- MemberApril 16, 2021 at 2:50 am183
Here are 10 quick things that I try to practice currently. I’m sure they could be worded more professionally but these are my first thoughts 🙂
1) Transparency regarding training outlines and guarantees. Client goals are reviewed and I explain the potential training options and possibilities. Results depend on client follow through and investment. I promise to give to 100% and always seek out answers to questions I don’t have, through this forum (that they are given a briefing on during our consultation), and to provide safe and controlled learning opportunities for them and their dogs. I am forthcoming about the training during consultations regarding: tools, attitude, what training with me will be like, and what it wont be like. I want people to sign up because they feel comfortable and hopeful, not rushed and desperate.
2) Only utilize tools I fully understand, that are safe for the dog and handler team, and that have been qualified as FSDT appropriate.
3) Principals before sales. I cannot place inappropriate expectations or speed above the respect the dog’s deserve during training, even if it means losing a client.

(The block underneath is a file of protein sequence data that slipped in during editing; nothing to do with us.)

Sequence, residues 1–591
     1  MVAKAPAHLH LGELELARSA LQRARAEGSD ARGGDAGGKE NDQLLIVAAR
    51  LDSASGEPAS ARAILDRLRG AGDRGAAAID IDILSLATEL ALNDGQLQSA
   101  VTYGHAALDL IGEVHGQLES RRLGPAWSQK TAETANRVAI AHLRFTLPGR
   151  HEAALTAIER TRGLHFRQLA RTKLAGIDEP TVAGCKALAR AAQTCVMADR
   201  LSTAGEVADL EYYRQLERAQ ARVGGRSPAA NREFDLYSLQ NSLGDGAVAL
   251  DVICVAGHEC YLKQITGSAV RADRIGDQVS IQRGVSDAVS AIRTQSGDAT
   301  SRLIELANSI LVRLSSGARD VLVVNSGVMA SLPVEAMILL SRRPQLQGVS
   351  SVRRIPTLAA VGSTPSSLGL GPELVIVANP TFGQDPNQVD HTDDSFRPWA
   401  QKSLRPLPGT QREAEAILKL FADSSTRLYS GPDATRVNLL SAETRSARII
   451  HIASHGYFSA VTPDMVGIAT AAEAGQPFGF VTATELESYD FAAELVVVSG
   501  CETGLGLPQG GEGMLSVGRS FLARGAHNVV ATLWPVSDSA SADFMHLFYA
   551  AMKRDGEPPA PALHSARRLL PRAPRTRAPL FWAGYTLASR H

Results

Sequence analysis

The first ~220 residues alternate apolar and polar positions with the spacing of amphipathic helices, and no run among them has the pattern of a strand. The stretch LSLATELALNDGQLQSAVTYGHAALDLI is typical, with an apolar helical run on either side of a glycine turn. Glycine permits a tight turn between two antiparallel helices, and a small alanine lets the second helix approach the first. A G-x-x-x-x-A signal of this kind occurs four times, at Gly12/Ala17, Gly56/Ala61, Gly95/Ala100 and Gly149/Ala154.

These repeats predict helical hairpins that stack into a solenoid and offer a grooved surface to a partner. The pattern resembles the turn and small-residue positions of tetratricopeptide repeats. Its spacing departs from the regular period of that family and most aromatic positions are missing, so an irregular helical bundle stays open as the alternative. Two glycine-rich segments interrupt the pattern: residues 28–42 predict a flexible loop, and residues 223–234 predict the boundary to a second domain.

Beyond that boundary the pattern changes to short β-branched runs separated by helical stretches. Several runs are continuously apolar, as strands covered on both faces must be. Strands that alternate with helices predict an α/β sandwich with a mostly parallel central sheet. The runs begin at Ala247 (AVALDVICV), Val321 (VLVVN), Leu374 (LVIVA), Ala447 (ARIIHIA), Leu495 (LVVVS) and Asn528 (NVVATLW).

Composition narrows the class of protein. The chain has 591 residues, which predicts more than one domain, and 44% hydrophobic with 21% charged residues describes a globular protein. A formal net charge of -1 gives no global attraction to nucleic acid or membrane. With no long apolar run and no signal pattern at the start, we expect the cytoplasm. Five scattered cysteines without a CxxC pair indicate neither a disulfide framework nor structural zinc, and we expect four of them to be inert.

4) Treat every person coming to me with training needs with respect and compassion. (Something I hope to refine more as I keep learning not to be judgmental….sometimes its easy for me to forget my mistakes), while respecting their privacy and trust.
5) Safety, management, and containment systems will be out lined and implemented to set the dog and family up for safe success.
6) Be a source of education rather than opinion for things like: health care, nutrition, parasite control etc. I want to help my clients be educated advocates for their dogs, so I will send them material and research for them to utilize to make choices for their dogs.
7) I will not engage in putting down other trainers, organizations, or go down the social media hole. #GOODBACTERIA Differences in systems can be explained in a matter of factually, if needed, and clients can make educated choices on what they prefer.
8) Respect and explain local dog laws. Off Leash training does not equal leash law bypass, nor is it always safe.
9) Training journals will help us have communication, record progress, and not skip steps.
10) I will be honest with clients regarding their dogs, questions etc. of course this is always important but I was thinking about a rescue that used to send me referrals, of course I love the referrals and working to help dogs have successful transitions into forever homes, but I could not sugar coat the safety concerns and/or lifestyle requirements these dogs entailed and a couple dog’s were returned as a result. I lost the referral flow from the rescue but gained referrals from the clients.
Sorry if this is rambly guys, felt a bit of stage fright putting this up….progress not perfection I suppose 🙂